Prognostic Factors after Liver Resection for Colorectal Liver Metastasis
Keywords:Colorectal Neoplasms, Hepatectomy, Liver Neoplasms/secondary, Liver Neoplasms/surgery, Prognosis.
Introduction: Surgery is the only potentially curative treatment for patients with colorectal liver metastases, resulting in 5-year survival rates of 36–58%. Although many studies have been performed to determine prognostic factors for tumor recurrence and survival after resection of colorectal liver metastases, there are few prognostic scoring systems stratifying patients undergoing surgery for colorectal liver metastases into risk group models.
Objectives: To identify, evaluate and compare the existing prognostic scores for survival after surgery for resection of colorectal liver metastases.
Material and Methods: Electronic search in PubMed, Cochrane and Embase from 1990 to 2013 using the terms ‘hepatic resection’, ‘colorectal cancer’, ‘liver metastasis’, ‘hepatectomy’, ‘prognostic’, and ‘score‘. Only studies proposing a prognostic model or risk stratification based on clinical and/or pathological variables were included.
Results: From 1996 to June 2013, 19 scoring systems were identified, including one nomogram. Thirty prognostic factors were identified although none of the factors was common to all prognostic models. The 4 factors most often included were: number of liver metastases, regional lymph node metastization of primary tumor, preoperative CEA level and maximum size of metastases. The median study sample size was 305 patients (81-1 568 patients) and median follow-up was 33 months (16-54 months). All studies were retrospective and used the Cox proportional hazards model for multi-variable analysis.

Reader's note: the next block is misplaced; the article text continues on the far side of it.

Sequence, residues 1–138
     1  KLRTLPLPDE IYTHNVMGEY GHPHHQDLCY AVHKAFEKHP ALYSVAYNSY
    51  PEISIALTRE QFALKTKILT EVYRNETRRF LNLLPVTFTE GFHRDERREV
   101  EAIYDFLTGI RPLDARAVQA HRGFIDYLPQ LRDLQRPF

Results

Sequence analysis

Conclusion: Several factors have been constantly reported as having prognostic value after liver resection of colorectal liver
metastases, although there is no consensus on the ideal scoring system.
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